Bird Feathers #4

by John Briggs on January 1, 2008

in Bird Feathers, Blog

The fourth in a series of occassional rundowns of what’s happening in the world of [tag]birds[/tag], [tag]birding[/tag] and [tag]bird[/tag] blogging.

New Years Landscape - Route 9 - Biddeford Pool, Maine. Etherington Pond - Fortunes Rock Beach - Biddeford Pool, Maine.

First pictures of the snowy New Year!

The last day of the year didn’t go quietly | Bird TLC admits it’s 502nd bird of 2007 for treatment, a Red-Tailed Hawk.

An outrage against hawks and falcons | Birder’s World Field of view reports that a pigeon breeder’s club in California, Oregon, and other states has been killing thousands of hawks and falcons a year in violation of the Migratory Bird Treaty Act — and bragging about it.

Volunteers needed to join international bird-feeding study | People who feed birds in the United States and Canada are invited to participate in a study on the feeding habits of birds. Project Wildbird is a landmark $1 million study of seed and feeder preferences of wild birds in the United States and Canada.

School construction may relocate chimney swifts | A 60-foot-tall chimney is one of the few known roosting sites left in Maine for the chimney swift, a songbird that migrates here each May from the mountainous regions of Peru, Bolivia and Ecuador.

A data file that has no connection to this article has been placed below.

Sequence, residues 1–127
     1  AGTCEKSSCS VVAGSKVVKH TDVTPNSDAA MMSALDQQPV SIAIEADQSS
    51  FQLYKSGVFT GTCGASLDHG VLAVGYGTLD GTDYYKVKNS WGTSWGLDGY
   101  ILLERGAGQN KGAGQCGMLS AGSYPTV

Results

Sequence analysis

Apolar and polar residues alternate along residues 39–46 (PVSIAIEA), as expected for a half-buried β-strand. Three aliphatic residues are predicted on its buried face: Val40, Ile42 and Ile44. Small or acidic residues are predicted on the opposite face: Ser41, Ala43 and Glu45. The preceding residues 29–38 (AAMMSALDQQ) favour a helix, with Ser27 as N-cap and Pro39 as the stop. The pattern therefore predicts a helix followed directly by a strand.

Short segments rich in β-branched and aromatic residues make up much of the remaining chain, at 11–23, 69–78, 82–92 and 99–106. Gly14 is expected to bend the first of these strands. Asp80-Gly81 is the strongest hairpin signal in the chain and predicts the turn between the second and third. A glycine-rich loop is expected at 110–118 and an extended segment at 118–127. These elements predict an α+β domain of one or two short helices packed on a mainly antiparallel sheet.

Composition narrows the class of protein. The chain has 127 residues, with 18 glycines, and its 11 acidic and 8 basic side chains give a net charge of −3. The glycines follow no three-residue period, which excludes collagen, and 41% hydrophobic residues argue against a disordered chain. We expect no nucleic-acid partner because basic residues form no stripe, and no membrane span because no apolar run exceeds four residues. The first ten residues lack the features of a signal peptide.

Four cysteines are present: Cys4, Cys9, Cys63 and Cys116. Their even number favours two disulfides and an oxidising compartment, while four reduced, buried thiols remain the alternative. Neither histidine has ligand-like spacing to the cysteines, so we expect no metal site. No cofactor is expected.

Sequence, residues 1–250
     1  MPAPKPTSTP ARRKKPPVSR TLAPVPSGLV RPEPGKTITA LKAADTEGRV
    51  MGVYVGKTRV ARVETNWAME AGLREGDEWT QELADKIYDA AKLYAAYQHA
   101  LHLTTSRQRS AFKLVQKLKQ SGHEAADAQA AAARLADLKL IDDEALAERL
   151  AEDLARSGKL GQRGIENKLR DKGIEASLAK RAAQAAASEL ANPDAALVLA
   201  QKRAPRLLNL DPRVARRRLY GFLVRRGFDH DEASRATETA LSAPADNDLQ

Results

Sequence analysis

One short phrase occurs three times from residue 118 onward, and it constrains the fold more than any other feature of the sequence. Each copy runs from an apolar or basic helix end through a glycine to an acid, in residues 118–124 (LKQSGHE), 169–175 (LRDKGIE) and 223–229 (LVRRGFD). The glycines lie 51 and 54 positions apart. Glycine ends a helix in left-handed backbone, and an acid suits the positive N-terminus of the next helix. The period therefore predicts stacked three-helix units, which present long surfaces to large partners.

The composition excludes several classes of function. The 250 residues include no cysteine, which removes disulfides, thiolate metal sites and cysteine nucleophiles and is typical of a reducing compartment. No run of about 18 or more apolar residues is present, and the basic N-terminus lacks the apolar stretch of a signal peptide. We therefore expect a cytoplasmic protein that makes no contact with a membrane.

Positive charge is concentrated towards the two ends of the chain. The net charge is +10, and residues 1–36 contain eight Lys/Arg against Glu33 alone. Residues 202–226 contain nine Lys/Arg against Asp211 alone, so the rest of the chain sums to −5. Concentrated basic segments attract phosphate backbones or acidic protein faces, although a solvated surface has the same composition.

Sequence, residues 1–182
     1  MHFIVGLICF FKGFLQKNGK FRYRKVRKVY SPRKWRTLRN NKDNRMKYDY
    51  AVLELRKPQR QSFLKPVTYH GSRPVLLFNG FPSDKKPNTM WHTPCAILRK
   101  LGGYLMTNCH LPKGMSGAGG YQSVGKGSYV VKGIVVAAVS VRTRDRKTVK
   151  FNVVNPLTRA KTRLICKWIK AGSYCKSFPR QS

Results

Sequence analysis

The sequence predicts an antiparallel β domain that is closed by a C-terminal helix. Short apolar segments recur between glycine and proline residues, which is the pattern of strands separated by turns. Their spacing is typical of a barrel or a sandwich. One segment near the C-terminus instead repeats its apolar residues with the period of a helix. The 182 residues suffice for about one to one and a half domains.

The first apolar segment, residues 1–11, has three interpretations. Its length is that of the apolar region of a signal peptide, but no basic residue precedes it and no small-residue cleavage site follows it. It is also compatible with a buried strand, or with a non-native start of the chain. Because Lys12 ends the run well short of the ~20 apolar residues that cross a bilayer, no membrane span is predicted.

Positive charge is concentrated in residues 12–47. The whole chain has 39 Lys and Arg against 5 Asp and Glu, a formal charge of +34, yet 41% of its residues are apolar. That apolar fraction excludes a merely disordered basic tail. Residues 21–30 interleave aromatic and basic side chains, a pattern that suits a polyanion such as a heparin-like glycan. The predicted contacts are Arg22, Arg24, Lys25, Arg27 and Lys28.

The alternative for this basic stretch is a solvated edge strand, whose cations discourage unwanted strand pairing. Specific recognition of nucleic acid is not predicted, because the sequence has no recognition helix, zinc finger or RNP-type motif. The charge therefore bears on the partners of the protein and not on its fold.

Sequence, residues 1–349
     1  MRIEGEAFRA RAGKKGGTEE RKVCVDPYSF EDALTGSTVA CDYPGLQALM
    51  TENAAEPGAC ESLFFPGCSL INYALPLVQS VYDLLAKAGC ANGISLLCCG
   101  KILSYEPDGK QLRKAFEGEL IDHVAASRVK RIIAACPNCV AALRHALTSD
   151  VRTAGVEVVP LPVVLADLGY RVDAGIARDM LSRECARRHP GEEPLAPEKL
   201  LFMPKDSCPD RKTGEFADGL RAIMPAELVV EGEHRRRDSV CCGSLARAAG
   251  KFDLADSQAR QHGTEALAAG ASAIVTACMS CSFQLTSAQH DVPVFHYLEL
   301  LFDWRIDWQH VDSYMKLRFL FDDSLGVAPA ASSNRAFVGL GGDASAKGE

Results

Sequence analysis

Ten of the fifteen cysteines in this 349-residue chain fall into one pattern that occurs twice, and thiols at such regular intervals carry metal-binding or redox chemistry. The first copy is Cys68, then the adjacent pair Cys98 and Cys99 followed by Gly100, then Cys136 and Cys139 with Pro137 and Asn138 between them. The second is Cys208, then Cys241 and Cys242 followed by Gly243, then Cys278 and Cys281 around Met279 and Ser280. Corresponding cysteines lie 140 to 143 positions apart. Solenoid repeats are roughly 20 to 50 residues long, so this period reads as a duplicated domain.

Footing the bill could become problem in woodpecker hunt | If an ivory-billed woodpecker is not found in 2008, John Arvin worries federal funding for the search, and the support of the scientific and birding communities, could become as elusive as his quarry.

Thousands of loons dying in Great Lakes area | The loon, an icon of the North Woods, is dying by the thousands across a growing swath of the Great Lakes, victims of a bacterial disease that works its way up from the lake floor.

Threatened Birds May Be Rarer Than Geographic Range Maps Suggest | Geographic range maps that allow conservationists to estimate the distribution of birds may vastly overestimate the actual population size of threatened species and those with specific habitats, according to a study published online in the journal Conservation Biology.

Female House Finch - Biddeford Pool, Maine.

Female House Finch, first bird of 2008!

Happy birding!

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